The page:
Avadim Hayinu (Repair the World)

The answer starts in its shortest form:
We were slaves to Pharaoh in Egypt; now we are free.

The Passover story chronicles the Israelites’ exodus from slavery in Egypt. It celebrates the movement from oppression to liberation and our belief that tyranny can be thwarted and justice can prevail.

On the eve of his death, Martin Luther King Jr. spoke to a gathered crowd in Memphis, Tennessee in support of sanitatation workers on strike:

“The issue is the refusal of Memphis to be fair and honest in its dealings with its public servants, who happen to be sanitation workers. One thousand, three hundred sanitation workers are on strike. Now we're going to march again, and force everybody to see that there are thirteen hundred of God's children here suffering, sometimes going hungry, going through dark and dreary nights wondering how this thing is going to come out. And we've got to say to the nation: We know how it's coming out. For when people get caught up with that which is right and they are willing to sacrifice for it, there is no stopping point short of victory.”

Such oppression of workers was at the heart of the story of Pharaoh and the Exodus, 3,000 years ago, and the reason we continue to tell the story at this Passover table every year. Around the world today, courageous people are making similar journeys—leaving behind violence, poverty and persecution, and seeking security, freedom and peace.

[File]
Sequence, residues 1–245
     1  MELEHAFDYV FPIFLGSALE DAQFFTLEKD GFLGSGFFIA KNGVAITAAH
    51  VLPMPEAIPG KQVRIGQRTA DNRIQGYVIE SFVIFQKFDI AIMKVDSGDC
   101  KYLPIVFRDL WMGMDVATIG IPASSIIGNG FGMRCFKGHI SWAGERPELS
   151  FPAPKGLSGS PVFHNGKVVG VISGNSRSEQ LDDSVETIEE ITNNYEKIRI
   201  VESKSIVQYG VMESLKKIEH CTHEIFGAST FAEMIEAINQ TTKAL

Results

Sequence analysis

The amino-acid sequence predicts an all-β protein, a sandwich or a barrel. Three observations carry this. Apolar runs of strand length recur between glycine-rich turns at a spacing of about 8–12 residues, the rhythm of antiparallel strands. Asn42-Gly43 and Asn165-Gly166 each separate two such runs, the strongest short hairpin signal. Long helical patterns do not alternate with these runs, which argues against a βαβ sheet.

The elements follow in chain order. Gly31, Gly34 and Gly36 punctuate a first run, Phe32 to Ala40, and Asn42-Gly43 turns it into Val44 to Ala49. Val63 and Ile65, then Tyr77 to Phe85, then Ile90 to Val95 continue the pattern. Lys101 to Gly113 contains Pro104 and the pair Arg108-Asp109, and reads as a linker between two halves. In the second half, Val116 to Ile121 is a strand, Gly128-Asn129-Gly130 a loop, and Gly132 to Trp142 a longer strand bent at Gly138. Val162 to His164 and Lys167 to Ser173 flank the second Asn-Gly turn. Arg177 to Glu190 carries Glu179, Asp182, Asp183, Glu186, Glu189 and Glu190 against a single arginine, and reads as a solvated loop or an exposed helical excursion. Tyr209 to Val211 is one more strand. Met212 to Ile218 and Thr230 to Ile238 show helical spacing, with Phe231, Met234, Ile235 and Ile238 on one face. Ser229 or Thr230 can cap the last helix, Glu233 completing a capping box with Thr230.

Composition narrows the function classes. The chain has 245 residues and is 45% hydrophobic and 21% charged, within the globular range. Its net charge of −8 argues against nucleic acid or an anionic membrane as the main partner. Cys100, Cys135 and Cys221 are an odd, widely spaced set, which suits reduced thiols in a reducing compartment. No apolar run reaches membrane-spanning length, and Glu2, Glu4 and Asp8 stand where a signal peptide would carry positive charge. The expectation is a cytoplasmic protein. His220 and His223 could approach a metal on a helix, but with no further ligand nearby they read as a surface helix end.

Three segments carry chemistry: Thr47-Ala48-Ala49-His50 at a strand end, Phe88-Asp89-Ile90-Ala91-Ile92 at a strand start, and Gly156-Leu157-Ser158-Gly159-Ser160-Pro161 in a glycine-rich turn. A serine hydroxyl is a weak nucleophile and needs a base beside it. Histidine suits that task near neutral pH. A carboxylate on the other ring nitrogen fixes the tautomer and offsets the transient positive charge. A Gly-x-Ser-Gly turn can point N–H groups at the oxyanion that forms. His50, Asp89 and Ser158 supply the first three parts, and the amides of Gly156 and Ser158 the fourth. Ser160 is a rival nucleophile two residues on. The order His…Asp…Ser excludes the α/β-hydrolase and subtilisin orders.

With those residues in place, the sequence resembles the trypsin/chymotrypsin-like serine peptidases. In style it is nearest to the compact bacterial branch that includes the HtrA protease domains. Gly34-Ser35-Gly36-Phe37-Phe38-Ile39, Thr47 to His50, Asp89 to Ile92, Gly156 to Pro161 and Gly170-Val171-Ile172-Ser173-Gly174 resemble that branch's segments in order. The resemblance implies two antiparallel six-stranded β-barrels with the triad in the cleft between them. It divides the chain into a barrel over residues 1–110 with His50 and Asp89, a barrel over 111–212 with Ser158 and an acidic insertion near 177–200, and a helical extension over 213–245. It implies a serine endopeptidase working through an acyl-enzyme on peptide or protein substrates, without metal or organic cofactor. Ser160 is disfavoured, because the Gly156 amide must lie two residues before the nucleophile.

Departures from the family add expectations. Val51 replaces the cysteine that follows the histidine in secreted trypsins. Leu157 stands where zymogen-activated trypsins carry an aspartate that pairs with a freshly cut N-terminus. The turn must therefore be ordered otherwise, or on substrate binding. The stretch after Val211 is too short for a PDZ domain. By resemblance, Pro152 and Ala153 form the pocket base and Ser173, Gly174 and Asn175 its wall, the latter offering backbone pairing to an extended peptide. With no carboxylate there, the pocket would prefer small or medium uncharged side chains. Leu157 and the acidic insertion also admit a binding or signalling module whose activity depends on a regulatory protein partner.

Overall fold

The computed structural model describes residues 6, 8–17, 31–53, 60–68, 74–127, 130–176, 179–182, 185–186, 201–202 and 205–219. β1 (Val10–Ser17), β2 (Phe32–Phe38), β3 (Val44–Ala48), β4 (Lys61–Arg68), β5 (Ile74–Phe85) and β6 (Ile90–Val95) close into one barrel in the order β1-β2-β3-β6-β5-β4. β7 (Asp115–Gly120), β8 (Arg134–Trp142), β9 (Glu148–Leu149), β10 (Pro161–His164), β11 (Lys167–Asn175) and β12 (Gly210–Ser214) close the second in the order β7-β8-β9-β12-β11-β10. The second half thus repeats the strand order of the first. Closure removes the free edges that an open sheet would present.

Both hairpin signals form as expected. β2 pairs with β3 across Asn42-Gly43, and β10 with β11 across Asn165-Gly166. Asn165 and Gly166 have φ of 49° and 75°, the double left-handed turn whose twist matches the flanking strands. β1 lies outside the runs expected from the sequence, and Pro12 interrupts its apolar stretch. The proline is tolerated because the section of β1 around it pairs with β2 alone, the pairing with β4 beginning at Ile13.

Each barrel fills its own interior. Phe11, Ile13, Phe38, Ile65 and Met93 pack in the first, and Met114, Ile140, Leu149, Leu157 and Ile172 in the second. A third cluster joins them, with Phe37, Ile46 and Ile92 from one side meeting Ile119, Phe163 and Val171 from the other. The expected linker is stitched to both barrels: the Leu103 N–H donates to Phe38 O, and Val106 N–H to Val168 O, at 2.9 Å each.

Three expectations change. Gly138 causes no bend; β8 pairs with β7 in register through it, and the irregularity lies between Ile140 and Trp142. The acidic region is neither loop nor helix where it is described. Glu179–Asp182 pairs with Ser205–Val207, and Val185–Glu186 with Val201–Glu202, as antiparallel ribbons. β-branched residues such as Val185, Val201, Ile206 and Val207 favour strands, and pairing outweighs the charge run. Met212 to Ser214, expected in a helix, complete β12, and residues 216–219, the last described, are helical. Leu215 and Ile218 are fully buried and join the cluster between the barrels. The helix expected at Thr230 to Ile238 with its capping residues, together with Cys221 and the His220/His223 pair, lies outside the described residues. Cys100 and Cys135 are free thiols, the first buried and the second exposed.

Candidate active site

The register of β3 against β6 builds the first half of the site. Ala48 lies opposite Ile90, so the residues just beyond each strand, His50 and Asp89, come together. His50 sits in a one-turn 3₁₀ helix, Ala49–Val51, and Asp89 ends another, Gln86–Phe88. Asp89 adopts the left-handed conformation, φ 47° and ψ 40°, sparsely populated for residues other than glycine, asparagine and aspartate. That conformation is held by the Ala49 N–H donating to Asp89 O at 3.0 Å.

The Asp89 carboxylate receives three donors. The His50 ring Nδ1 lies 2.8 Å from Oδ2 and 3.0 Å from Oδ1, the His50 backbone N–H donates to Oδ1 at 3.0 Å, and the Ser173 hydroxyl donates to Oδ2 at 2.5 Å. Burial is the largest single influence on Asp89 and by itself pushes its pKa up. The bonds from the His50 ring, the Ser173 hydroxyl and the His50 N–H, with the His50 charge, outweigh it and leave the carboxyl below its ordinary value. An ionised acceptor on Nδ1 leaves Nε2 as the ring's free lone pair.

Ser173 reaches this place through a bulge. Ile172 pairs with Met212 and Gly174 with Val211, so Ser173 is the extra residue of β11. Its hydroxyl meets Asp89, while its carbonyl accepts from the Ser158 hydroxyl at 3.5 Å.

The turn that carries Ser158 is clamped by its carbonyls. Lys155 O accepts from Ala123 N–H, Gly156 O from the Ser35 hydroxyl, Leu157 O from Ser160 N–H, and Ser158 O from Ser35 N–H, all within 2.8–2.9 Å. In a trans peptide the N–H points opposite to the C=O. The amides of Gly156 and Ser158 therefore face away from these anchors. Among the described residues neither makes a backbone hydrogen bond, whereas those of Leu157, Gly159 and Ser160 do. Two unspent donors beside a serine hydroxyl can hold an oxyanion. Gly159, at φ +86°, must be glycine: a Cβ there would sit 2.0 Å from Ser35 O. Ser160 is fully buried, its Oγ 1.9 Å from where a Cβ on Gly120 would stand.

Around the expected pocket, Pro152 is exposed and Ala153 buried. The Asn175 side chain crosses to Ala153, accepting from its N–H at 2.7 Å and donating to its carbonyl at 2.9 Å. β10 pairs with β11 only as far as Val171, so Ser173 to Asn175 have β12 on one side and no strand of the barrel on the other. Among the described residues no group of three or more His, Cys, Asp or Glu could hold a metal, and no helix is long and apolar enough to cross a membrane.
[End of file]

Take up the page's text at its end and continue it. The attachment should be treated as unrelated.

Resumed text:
Early data shows African Americans have contracted and died of coronavirus at alarming rates. Detroit has become a national epicenter of the outbreak, and though African-Americans are just 14 percent of the Michigan's population, they represent 41 percent of its covid-19 victims. Similarly, Louisiana released an even starker set of statistics: African-Americans, who make up roughly 32 percent of the state’s population, have accounted for 70 percent of its coronavirus deaths. We can no longer sit idly by. 

There is a charge in recognizing how the world may be redesigned by the people with a sense of urgency like the matzah we see before us. Let us remind you what MLK said, "for when people get caught up with that which is right and they are willing to sacrifice for it, there is no stopping point short of victory."

And so all of us remember and taste within ourselves the bitterness of slavey, the oppression of workers and the disenfranchised.


haggadah Section: -- Four Questions
Source: Repair the World, The New Yorker